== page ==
AWS for M&E Blog

Live video streaming using Amazon S3


Amazon Simple Storage Service (Amazon S3) is an object storage service offering the scalability, data availability, security, performance, and consistency required of a basic origin for live streaming video workflows. This post outlines best practices for configuration and resiliency when using AWS Elemental Live and AWS Elemental MediaLive to generate an HLS output group with Amazon S3. Amazon S3 can now be used instead of AWS Elemental MediaStore for basic low-cost live video origination. For live streaming workflows that require a comprehensive range of features to prepare, protect, and distribute video content, see AWS Elemental MediaPackage.

Live origin architecture

A redundant live streaming architecture provides two media processing pipelines with identical outputs. In this example, a MediaLive standard channel generates HLS outputs to two separate Amazon S3 bucket locations, using the Redundant HLS manifests feature. Alternatively, with the MediaLive single pipeline class, there is only one output destination and an interruption will affect the viewing experience.

For either architecture, any failure to update manifest and segments results in the live stream going “stale”, whereby players receive 200 HTTP code responses from the origin, but typically play the last few segments of video/audio and then stop. This post outlines techniques to detect and invalidate such stale variant manifests. Forcing 404 HTTP error codes to the downstream Amazon CloudFront content delivery network (CDN) and video players triggers redundancy failover as described in the HLS specification.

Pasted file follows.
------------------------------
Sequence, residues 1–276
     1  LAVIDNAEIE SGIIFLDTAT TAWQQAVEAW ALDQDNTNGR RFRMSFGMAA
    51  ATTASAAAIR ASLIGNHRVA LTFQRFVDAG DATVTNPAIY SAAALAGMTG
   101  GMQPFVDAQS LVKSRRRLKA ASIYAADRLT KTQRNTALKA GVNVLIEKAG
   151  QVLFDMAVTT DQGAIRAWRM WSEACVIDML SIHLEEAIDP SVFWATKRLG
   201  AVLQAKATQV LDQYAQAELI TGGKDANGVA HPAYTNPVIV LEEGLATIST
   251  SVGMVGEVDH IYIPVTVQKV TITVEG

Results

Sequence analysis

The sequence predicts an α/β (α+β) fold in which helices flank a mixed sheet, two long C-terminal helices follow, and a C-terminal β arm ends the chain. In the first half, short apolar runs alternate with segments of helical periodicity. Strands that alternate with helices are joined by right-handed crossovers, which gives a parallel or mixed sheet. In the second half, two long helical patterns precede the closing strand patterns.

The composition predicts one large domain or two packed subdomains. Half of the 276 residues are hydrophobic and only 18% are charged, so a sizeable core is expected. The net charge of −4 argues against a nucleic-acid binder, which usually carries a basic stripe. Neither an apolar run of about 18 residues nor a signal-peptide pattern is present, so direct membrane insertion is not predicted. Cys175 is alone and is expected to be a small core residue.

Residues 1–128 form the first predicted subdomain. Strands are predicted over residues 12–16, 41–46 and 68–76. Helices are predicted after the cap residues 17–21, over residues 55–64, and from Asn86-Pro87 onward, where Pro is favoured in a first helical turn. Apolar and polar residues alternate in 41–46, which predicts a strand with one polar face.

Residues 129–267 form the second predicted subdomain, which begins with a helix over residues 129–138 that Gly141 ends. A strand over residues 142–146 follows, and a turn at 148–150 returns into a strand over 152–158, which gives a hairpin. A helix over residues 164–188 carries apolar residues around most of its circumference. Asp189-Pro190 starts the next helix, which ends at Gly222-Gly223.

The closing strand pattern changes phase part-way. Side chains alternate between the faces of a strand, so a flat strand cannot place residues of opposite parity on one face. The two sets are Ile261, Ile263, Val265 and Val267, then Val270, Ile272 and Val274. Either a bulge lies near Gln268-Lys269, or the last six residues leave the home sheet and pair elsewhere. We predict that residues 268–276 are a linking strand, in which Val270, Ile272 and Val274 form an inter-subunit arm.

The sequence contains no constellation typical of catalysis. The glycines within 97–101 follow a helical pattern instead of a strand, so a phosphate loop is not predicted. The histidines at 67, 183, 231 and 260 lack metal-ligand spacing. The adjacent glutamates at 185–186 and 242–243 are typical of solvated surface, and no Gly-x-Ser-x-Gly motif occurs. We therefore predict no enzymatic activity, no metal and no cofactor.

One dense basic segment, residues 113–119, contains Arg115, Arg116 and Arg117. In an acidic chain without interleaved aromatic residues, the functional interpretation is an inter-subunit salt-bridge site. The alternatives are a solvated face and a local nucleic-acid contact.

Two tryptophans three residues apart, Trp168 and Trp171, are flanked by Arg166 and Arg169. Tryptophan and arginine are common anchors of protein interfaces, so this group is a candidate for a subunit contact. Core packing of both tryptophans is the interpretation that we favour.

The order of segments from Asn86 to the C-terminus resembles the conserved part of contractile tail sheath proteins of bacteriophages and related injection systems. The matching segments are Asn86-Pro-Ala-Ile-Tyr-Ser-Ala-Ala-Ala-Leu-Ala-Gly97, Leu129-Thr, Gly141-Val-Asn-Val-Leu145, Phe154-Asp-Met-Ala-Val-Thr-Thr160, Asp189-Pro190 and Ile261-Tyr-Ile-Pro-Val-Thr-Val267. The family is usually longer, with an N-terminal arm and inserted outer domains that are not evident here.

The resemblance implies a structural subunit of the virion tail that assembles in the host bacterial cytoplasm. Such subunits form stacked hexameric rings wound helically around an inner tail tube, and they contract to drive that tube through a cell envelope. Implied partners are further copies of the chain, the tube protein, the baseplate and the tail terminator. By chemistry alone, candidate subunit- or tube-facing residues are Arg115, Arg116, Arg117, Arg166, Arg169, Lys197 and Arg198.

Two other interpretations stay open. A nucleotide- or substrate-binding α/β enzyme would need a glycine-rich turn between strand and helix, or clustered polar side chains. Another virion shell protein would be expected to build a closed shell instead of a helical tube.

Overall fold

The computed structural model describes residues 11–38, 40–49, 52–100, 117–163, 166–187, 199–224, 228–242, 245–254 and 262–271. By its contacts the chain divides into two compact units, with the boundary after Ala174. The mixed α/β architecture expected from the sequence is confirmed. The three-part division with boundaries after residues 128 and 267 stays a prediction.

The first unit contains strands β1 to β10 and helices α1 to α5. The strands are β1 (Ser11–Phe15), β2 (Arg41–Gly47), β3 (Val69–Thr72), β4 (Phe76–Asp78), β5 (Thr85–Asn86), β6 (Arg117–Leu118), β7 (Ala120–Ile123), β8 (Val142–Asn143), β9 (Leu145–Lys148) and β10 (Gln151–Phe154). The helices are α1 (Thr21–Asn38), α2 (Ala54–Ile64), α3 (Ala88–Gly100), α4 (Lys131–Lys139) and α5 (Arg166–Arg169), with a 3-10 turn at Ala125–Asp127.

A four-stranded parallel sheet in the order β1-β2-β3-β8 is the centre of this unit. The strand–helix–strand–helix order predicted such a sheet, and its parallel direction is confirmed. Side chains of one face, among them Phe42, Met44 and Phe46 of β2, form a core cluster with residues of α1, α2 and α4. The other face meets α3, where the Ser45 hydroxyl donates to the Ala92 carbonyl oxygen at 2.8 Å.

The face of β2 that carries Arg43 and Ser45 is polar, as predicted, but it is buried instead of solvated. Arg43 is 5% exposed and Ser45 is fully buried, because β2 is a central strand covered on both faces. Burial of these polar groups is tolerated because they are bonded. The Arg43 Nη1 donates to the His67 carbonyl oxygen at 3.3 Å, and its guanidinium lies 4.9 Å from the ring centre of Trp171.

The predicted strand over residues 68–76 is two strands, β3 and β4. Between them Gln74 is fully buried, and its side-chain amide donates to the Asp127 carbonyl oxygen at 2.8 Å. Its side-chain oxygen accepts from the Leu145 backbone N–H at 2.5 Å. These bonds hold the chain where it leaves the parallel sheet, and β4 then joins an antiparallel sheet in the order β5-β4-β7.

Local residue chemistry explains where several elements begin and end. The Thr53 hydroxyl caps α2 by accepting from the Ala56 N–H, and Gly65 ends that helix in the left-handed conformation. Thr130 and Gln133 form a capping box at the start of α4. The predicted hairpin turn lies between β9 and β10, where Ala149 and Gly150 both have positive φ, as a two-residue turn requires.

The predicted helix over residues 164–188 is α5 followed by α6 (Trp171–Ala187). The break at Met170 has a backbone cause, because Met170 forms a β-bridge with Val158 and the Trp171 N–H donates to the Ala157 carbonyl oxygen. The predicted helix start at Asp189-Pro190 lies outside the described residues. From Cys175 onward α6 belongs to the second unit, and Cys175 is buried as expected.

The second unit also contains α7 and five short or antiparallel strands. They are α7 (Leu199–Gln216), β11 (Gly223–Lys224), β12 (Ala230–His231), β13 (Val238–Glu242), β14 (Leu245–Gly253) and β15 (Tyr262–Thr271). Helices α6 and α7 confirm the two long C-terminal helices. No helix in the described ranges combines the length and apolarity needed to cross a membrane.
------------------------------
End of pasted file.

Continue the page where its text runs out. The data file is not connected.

When selecting Amazon S3 as origin storage and to ensure downstream CDN and players handle redundant manifests as depicted in the previous diagram, the following criteria need to be considered.


Adaptive bitrate (ABR) media used for over-the-top (OTT) streaming is typically based on a series of sequentially named file segments containing video and audio media. Best practices for optimizing Amazon S3 performance outlines how Amazon S3 automatically scales to high request rates to achieve at least 3,500 PUT/COPY/POST/DELETE or 5,500 GET/HEAD requests per second per partitioned prefix.